I know, I know, it seems a little strange to review Downton Abbey when it’s already in its fourth series. And it’s probably a somewhat risky endeavour, given that, well, everybody loves Downton. With that in mind, this isn’t really a review at all; I just thought I’d take the opportunity to share one or two thoughts about it.
Downton Abbey belongs to that rare category of British TV shows that have hit the big time on both sides of the Atlantic – an honour which, among current programming, is perhaps only shared by Doctor Who. What is equally remarkable is that this particular period drama is not produced by the BBC. (It’s remarkable to me, at least; when I was a kid, the BBC was the unchallenged home of all “quality” programming; ITV was not even allowed to be shown in some homes, so profane and unashamedly commercial was its content.)
So, what can I say about the veritable cross-cultural phenomenon that is Downton Abbey? Well, I can give you two reasons why I watch it:
1. It’s become something of a family tradition: on a Sunday evening, I take a very long, very hot bath before sitting down with my wife and daughter to escape to the world of early twentieth century aristocracy. The combination of unspoken scandal and exquisite stiff-upper-lip keeping up of appearances somehow seems the perfect way to conclude the weekend.
2. Maggie Smith. She alone is reason enough to watch it. I might sit through fifty-eight minutes of banalities, but it’s worth it for the enjoyment of two minutes of her unashamed prejudice and rapier wit (along with the occasional glimpse of warmth and humanity). In spite of her character having not much screen time and being somewhat caricatured, Smith has made the Dowager Countess into the most enjoyable and engaging person in the show.
Having said why I watch Downton (and will probably continue to do so, at least as long as Maggie Smith remains part of the cast), let me now – at the risk of offending die-hard fans – offer three random thoughts:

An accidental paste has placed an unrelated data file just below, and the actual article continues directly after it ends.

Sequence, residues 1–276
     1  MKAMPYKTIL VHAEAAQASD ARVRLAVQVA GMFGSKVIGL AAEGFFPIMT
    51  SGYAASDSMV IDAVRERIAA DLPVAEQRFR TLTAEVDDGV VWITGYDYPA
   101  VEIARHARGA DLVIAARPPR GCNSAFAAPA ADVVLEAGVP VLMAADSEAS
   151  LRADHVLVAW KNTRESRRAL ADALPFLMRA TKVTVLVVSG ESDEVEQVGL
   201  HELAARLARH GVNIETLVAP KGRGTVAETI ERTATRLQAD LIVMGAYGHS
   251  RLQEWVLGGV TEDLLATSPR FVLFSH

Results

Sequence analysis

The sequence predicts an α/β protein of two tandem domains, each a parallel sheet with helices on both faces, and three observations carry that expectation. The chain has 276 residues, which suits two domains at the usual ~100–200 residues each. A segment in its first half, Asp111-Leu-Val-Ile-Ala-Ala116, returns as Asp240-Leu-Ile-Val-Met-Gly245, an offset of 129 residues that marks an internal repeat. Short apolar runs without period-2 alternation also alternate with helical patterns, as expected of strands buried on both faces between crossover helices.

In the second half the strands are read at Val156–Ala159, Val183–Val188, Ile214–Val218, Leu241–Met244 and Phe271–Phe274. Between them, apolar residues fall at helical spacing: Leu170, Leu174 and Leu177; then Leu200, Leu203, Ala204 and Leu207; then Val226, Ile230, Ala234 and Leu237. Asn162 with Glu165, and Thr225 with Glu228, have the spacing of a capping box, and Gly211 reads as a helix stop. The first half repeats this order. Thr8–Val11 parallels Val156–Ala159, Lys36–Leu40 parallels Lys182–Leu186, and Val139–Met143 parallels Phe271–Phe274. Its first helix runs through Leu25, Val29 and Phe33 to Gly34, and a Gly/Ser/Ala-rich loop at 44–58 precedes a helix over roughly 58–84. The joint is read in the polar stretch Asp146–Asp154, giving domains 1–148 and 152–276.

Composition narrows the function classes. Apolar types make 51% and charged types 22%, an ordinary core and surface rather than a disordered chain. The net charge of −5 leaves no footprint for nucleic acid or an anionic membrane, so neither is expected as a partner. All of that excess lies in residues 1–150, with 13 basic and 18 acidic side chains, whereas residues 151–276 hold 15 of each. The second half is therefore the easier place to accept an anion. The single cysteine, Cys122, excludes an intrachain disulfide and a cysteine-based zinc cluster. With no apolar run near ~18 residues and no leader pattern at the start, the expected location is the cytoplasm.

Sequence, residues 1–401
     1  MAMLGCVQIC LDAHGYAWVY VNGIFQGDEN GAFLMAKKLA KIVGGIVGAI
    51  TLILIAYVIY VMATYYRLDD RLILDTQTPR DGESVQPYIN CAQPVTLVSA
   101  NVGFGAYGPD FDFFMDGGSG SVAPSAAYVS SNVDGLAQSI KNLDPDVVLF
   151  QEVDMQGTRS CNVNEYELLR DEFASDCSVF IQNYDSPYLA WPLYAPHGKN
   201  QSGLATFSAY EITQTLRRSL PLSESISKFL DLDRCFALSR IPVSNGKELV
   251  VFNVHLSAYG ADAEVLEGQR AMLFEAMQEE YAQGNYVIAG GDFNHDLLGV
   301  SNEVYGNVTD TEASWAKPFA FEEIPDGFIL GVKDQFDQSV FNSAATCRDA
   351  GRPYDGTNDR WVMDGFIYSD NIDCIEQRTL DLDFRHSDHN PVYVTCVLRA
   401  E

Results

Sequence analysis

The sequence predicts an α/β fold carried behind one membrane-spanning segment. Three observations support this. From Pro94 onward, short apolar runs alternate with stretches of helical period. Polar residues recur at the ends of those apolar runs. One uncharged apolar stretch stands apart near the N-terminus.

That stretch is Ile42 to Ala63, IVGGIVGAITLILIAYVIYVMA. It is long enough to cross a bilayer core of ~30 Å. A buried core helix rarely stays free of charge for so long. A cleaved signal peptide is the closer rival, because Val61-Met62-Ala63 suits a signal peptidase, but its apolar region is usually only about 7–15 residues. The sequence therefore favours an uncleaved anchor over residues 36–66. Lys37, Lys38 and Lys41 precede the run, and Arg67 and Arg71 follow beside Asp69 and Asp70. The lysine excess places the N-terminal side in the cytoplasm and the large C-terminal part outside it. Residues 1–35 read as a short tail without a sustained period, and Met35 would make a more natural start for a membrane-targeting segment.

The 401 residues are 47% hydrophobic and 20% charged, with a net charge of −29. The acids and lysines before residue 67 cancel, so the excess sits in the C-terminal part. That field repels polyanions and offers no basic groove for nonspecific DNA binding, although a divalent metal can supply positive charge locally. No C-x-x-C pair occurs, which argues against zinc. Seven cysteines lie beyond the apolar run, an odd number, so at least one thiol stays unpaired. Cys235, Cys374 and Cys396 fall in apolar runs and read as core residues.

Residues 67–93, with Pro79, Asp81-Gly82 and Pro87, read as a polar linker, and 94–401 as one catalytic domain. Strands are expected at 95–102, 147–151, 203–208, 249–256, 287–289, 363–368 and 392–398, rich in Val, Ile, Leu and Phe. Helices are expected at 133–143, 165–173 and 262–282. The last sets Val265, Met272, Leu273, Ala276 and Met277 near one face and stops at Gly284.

1. Downton is really just a soap opera in fancy clothes. Take away the setting, the costumes and the archaic language, and what is there really to differentiate it from Dallas or Eastenders? That this is so gives me pause, because I generally hate soap operas and refuse to watch them. Perhaps Downton simply appeals to my sense of snobbery?
2. Downton is increasingly populist: its clever but sometimes contrived storylines are driven not so much by what actually went on in English country houses in the 1920s as by what will appeal to a twenty-first century audience eager for titillation hidden under a veneer of class and nobility.
3. Downton offers an entertaining and compelling but not necessarily accurate version of England a hundred years ago. Many British people today – particularly of the younger generation (under twenty) – have little knowledge of or interest in their country’s history. Combine this with the fact that the textbook (or, for that matter, any sort of book) has largely been replaced by the computer monitor and the TV screen, and what you have is a recipe for the rewriting of history. It doesn’t matter how people actually dressed or spoke in the 1920s – if Downton says that’s how they dressed and spoke, then that’s the way it was. If Downton says those were the issues that exercised people in both the upper and the working classes, then who are we to argue? I realise this concern is more about education and the predominant influence of visual media in general than about any one television programme, but it seems to be a point worth making. I can enjoy Downton without taking everything in it at face value; the same may not apply to a large proportion of its audience. Then again, maybe I’m just getting older.
All in all, I enjoy Downton Abbey, and that’s why I’ve kept watching it for more than three series so far. I enjoy the storylines (mostly), a lot of the acting, and the production design. I only hope that, in its efforts to continue riding the wave of transatlantic popularity as long as possible, it doesn’t spiral downhill out of control and end up sacrificing all pretence of integrity and quality for the sake of ratings.